St Patrick’s Day, the ‘Feast of St. Patrick’, celebrates the death date March 17 of St Patrick, patron saint of Ireland, who died in 641. The shamrock and ‘wearing of the green’ symbolise the day. This year Wellington’s Michael Fowler Centre will go green for the first time on St Patrick’s Day, joining in the ‘global greening’ of world landmarks.
About one in six New Zealanders claims Irish descent, and New Zealand was initially divided into the three provinces of New Ulster, New Munster, and New Leinster. Irish pubs and societies such as the Hutt Valley Irish Society will be celebrating with festivities, dance and the traditional Guinness.
St Patrick’s Day in New Zealand was traditionally a bank holiday, and public holiday for some. Tug-of-wars as well as sports days, horse races, yachting regattas, processions, displays of Irish sports such as hurling, art union raffles, dances and concerts were held. Events raised funds for the Hibernian (Catholic benefit) Society and local facilities. The NZ Hibernian Society was formed in 1869, part of an international group started in New York in 1836.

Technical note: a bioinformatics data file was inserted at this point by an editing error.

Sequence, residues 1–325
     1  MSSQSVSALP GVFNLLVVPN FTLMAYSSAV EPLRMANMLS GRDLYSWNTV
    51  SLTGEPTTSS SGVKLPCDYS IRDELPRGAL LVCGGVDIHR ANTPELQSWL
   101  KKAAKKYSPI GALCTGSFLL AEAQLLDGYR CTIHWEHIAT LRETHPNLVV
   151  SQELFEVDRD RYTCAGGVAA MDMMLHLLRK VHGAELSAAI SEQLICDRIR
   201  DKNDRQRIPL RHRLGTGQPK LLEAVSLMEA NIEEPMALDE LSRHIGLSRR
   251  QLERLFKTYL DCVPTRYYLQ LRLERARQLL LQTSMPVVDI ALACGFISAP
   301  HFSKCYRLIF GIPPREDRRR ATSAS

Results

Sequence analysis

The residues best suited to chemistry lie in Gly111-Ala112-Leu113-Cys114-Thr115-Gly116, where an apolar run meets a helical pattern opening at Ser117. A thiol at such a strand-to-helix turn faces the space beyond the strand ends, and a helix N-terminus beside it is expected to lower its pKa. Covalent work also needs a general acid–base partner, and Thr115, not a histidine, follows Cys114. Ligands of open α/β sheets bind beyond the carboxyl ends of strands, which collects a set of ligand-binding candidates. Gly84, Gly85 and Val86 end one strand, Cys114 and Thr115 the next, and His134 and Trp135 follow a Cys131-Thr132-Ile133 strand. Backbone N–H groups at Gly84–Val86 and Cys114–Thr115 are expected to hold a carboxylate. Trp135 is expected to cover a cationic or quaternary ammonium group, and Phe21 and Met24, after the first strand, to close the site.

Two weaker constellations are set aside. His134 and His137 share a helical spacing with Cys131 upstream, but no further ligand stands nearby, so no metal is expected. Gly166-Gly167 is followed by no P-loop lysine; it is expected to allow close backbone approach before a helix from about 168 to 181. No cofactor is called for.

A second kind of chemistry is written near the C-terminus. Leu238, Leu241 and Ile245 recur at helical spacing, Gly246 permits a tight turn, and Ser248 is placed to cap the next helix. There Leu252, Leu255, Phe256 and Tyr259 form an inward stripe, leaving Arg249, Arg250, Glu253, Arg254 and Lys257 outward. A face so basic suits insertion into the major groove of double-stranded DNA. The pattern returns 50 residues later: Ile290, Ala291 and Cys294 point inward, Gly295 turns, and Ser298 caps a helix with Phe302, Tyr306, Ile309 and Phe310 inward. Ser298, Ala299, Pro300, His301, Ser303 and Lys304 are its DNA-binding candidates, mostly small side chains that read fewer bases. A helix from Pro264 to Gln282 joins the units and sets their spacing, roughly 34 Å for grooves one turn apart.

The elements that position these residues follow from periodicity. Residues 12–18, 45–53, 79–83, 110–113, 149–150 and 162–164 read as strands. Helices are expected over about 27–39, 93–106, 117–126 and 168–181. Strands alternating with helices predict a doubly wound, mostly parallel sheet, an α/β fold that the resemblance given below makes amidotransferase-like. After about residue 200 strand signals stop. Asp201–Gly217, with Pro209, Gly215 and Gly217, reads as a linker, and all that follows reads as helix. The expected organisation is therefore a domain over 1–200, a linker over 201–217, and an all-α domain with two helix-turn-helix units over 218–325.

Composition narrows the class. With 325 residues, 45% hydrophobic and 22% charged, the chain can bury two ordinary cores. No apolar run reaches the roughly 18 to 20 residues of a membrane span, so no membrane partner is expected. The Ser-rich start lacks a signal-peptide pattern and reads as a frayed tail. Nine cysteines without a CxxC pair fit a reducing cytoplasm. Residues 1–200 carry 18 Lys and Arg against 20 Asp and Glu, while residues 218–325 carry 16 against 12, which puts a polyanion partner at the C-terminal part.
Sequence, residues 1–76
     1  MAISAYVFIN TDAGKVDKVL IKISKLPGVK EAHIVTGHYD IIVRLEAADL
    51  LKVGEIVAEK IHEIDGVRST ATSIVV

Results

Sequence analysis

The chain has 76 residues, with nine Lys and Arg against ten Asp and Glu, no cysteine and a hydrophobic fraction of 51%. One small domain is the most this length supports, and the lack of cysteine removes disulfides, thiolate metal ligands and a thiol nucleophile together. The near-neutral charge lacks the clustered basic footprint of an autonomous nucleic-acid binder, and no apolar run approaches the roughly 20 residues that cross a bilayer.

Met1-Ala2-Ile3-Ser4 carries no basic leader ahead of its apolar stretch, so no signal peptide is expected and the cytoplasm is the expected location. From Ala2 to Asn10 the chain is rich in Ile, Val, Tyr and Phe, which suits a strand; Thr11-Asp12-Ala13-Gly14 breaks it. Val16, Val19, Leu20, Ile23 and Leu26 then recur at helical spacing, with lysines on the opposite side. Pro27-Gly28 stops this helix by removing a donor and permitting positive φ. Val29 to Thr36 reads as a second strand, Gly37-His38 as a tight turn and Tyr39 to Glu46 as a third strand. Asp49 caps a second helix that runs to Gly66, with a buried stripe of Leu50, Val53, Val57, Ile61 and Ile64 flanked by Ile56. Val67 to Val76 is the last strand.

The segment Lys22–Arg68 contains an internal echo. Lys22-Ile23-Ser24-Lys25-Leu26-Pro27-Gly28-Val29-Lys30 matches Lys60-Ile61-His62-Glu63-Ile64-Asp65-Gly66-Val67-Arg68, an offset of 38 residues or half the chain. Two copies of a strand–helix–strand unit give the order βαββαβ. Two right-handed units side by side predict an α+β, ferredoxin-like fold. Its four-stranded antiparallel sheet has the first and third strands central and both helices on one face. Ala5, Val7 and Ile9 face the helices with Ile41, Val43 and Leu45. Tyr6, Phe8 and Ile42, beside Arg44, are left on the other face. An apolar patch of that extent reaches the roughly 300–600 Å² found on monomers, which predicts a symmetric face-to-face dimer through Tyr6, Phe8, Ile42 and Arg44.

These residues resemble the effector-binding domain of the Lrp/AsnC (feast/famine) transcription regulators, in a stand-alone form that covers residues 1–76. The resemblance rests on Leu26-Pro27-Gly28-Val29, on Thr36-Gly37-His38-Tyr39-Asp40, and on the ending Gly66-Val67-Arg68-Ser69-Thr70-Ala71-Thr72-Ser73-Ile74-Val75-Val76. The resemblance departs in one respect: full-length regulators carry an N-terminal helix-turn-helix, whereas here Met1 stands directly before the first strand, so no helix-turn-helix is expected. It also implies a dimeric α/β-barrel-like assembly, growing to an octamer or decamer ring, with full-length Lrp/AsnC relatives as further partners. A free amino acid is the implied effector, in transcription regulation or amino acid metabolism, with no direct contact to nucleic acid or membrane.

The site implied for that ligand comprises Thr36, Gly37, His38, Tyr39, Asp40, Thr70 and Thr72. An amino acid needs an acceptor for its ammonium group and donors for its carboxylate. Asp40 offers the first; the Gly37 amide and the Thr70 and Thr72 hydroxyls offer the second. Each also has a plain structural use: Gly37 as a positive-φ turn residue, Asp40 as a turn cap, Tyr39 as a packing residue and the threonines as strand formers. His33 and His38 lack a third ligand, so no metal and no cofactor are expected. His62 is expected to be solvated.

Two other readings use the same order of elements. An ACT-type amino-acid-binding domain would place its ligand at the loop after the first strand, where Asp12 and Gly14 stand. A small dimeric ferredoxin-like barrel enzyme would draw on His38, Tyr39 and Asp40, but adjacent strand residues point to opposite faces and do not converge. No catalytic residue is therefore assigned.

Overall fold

Before the tug-of-war Michelle Armitage, Miss Hutt Valley 1967, nearly fell off her elephant when riding in an elephant race against two competitors, Mr. Paddy Breslin of the Hutt Valley Irish Society and Jaycee regional governor Jack Ward. She won the race by a trunk – but slipped precariously sideways long before the elephants had reached the finish line on the corner of Laings Rd. She was “shaken but unhurt” when the race ended. Wonder how the elephants were at the end of St Patrick’s Day? The events raised 86 pounds for the Intellectually Handicapped Children’s Society.
Father Dean Lane, Lower Hutt Catholic Parish Priest, was famous for holding annual picnics at his church and presbytery grounds, beginning with a Boxing Day picnic in 1886, and including St. Patrick’s Day celebrations. Special trains ran from Wellington to Hutt for the popular picnics, and politicians such as Prime Minister Sir Joseph Ward were keen to attend these society events.
The first Catholic church and presbytery were built on two acres off Main Road, now High Street, Lower Hutt. The northern end of the church site is now Andrews Avenue.